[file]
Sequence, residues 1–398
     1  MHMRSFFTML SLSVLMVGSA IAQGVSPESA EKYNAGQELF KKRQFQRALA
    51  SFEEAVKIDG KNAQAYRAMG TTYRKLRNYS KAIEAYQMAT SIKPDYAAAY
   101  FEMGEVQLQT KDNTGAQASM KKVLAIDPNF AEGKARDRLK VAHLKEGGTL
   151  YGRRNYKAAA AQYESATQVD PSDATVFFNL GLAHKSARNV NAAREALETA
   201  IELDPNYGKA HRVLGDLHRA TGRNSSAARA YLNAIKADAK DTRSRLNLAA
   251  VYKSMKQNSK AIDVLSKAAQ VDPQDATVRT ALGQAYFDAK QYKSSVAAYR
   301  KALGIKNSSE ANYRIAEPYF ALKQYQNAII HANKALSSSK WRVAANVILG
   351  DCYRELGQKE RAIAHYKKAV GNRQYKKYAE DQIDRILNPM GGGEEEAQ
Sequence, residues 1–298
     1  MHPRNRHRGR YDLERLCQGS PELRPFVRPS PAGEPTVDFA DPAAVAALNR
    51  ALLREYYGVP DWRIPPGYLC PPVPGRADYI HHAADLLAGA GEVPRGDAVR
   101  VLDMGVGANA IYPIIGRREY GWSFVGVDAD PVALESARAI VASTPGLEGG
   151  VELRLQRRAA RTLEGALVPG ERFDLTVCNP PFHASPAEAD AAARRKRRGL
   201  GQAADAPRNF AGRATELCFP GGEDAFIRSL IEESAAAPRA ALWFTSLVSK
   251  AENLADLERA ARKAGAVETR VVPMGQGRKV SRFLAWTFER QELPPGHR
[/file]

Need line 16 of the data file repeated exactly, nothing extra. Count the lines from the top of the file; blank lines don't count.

   251  AENLADLERA ARKAGAVETR VVPMGQGRKV SRFLAWTFER QELPPGHR